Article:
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Northern Valley Daily Voice serves Harrington Park, Haworth, Northvale, Norwood, Old Tappan & Rockleigh

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Bergen man pulls back would-be GWB jumper

Photo Credit: Cliffview Pilot File Photo

SHOUT OUT: Riding his bicycle home from work in Manhattan as he always does, Benjamin Storch of Haworth spotted a troubled man at the railing on the George Washington Bridge’s south walkway Tuesday night.

“He was trying to climb up over the side,” said Storch ( inset, above ), a capital planning insurance advisor who’s been riding his bike to work since last summer. “He grabbed one of the cables and was pulling himself up.”

Storch could see powder around the 67-year-old Union City man’s mouth. He’d swallowed a handful of pills.

“I pulled over and grabbed him and started yelling for help,” he told CLIFFVIEW PILOT .

“I grabbed one of his arms,” said Storch, 38. “He still kept trying to pull himself over….Then I saw another bicyclist headed in the other direction. I yelled at him to call 911.

“Another guy who was walking by ran over and helped me grab his other arm. We held him there until the police arrived.”

Storch is originally from the Bay Area in California, the site of one of the world’s most popular destinations for suicide, the Golden Gate Bridge.

He hadn’t realized how many people jump from the GWB’s 212-foot-high span, he said, until he was riding to work last month, saw police activity and discovered that someone had plunged into the Hudson.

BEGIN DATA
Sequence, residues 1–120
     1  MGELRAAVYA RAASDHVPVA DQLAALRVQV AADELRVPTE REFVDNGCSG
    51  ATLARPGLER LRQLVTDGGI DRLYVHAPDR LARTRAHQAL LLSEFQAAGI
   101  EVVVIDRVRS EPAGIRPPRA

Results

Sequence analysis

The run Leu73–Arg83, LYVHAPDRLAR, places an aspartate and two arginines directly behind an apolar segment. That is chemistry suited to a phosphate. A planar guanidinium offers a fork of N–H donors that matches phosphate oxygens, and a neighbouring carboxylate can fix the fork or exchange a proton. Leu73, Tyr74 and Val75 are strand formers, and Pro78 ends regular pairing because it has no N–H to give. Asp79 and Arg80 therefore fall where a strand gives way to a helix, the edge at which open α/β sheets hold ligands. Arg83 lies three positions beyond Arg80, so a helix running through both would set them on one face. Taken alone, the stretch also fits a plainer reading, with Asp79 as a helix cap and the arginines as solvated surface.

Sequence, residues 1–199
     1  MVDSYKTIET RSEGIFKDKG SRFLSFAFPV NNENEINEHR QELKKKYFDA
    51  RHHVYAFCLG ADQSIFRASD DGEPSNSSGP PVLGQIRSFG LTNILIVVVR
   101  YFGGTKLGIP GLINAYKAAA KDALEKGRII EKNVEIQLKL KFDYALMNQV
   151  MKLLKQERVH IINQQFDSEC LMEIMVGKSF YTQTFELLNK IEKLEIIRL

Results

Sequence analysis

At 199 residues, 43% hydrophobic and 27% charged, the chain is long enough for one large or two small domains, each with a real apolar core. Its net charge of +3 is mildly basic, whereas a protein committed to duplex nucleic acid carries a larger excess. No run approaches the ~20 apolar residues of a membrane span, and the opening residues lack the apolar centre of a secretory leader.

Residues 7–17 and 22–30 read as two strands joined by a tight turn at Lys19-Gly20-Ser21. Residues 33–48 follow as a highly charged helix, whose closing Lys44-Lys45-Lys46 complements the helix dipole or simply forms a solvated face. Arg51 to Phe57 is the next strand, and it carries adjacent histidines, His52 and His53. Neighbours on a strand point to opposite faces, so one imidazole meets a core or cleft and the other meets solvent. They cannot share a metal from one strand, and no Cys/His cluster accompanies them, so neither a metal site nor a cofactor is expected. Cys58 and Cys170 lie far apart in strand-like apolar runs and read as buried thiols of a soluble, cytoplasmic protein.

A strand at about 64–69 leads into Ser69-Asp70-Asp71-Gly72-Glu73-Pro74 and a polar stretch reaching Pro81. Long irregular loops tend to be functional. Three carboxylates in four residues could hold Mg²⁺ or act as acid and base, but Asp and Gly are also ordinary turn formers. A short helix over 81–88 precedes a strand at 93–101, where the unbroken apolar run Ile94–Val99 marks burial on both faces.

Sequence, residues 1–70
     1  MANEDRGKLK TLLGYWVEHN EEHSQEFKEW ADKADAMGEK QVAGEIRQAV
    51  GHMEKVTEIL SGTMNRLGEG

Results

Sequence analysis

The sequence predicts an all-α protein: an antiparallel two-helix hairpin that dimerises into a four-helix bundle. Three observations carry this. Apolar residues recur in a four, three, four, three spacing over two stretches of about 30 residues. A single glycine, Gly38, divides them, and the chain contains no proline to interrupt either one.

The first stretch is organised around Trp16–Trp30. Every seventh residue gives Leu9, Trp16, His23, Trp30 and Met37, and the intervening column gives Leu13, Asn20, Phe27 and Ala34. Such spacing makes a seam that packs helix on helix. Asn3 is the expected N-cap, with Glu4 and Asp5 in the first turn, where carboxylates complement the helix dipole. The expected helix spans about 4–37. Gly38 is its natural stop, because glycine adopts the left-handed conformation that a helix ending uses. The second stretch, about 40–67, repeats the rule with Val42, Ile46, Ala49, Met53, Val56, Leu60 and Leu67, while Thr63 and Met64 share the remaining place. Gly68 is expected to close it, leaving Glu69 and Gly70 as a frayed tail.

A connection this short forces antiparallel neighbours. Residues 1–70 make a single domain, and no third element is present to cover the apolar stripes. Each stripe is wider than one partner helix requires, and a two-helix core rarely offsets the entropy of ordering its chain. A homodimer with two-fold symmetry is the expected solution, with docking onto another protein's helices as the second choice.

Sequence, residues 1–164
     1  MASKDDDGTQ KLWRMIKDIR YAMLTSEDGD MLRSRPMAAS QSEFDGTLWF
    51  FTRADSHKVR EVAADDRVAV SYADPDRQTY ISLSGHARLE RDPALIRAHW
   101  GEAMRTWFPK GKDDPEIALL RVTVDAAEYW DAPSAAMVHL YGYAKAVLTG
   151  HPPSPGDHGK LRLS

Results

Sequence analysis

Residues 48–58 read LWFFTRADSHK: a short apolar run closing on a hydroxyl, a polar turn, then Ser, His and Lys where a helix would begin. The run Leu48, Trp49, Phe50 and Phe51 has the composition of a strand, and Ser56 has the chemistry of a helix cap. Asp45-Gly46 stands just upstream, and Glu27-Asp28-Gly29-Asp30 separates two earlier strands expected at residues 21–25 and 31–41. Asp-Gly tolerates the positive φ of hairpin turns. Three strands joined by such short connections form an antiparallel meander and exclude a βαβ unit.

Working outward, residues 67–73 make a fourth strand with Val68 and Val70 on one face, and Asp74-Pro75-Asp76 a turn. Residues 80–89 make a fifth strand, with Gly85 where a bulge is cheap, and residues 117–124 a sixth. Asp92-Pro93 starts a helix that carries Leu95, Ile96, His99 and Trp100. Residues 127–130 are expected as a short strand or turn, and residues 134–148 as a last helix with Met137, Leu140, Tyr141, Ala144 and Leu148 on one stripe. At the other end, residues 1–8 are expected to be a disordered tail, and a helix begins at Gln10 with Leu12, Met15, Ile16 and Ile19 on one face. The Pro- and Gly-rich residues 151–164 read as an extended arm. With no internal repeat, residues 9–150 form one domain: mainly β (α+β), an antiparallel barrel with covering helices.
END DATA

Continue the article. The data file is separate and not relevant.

So Storch Googled it — and was surprised at the results.

Nine reported jumpers have committed suicide from the span this year. Countless others have been stopped.

There were 15 confirmed suicides last year, with 49 saves — formally known as “interventions,” the authority’s Joseph Pentangelo said.

That came after what is considered a recent GWB record, 18 suicides, that were recorded in 2012 — more than all of the other Hudson and East River crossings combined. This followed a decade that saw six, on average, per year ( SEE: GWB a ‘suicide magnet’? ) .

An ambulance took the man Tuesday night to Columbia Presbyterian Medical Center for a medical and psychological evaluation, Pentangelo said.

Storch, meanwhile, calmed another person that night — his wife.

“She was worried about me,” he said. “But I was fine.”

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